Centaurea macrocephala has perhaps one of the most iconic flowers of the genus. The large globular yellow flowers resemble a giant thistle or cardoon flower. The buds are deep bronze and attractive in their own right. The branched stems carry flowers for only a short period in mid summer and unlike most types they don’t rebloom even if dead headed. And it would be a shame to dead head too promptly as the dead ray florets form a wig of brown hair atop the head-like seed pods (macrocephala = big head). If the seed heads are left through the winter they provide food for finches and small mammals. The leaves are tongue shaped and rather course. For a more refined look to the border choose Centaurea glastifolia with its candelabra stems topped with silver-scaled buds and yellow flowers that are a smaller version of macrocephala. Again this variety rarely reblooms after its mid summer glory.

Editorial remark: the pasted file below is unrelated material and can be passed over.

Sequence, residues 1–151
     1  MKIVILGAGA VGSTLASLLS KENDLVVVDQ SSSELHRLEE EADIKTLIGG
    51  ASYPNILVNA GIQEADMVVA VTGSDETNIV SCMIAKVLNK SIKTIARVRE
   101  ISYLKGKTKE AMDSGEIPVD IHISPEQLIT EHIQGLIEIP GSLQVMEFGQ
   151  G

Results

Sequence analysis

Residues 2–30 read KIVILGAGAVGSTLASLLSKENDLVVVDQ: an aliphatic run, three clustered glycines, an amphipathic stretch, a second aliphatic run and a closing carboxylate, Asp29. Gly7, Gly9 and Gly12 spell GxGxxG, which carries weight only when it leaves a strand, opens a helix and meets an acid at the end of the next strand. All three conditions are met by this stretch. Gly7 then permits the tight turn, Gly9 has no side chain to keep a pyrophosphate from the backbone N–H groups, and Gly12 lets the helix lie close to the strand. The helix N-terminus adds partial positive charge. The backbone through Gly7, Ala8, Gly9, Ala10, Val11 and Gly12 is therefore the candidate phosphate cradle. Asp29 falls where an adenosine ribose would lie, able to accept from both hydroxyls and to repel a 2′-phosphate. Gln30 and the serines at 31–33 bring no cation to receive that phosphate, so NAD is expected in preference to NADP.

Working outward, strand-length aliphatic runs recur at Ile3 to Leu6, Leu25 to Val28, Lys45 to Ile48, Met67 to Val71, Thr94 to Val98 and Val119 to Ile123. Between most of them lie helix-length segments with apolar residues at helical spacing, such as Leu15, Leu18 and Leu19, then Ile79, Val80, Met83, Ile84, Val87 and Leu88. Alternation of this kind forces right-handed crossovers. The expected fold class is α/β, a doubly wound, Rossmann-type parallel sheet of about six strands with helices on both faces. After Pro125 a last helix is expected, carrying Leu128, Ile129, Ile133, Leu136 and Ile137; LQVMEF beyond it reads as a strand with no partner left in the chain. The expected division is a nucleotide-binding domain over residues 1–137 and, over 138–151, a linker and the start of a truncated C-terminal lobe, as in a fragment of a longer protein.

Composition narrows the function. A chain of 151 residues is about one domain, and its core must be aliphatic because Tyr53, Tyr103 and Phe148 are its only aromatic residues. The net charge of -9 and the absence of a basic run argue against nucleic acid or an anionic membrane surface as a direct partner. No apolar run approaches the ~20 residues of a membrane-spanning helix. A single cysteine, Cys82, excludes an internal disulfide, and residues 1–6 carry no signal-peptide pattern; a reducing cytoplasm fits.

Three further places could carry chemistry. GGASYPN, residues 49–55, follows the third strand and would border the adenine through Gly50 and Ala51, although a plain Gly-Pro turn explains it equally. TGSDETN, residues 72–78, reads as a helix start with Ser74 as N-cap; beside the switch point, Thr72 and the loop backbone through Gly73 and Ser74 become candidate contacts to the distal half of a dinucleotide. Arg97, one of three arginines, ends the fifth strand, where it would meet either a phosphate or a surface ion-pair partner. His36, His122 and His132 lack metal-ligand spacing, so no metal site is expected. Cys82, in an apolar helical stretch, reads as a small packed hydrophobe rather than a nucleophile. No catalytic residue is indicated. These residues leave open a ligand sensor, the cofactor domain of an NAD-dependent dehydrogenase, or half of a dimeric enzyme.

There are quite a few varieties with feathery silver-backed leaves and large pink flowers. They are distinguished by the shape and form of the buds but behave the same in the garden liking normal soil, sun or almost very light shade. All benefit from regular dead headings and a hard prune after a flush of flower has finished. These include Centaurea woronowii, C. nogmovii, C. ‘John Coutts’, and C. dealbata.

‘John Coutts’ is shorter and perhaps weaker growing than the others. With this exception they need some room to grow and may need a few twiggy supports if grown in rich soils. The variety C. dealbata ‘Steenbergii’ has intensely coloured deep rose flowers.